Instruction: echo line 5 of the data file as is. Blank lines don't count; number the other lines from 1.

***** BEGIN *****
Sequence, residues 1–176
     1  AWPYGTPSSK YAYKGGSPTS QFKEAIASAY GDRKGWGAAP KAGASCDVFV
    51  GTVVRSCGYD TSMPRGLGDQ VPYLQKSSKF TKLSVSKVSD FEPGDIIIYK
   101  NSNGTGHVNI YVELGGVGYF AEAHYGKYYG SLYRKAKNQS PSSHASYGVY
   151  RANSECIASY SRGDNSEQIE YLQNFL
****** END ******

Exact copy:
   151  RANSECIASY SRGDNSEQIE YLQNFL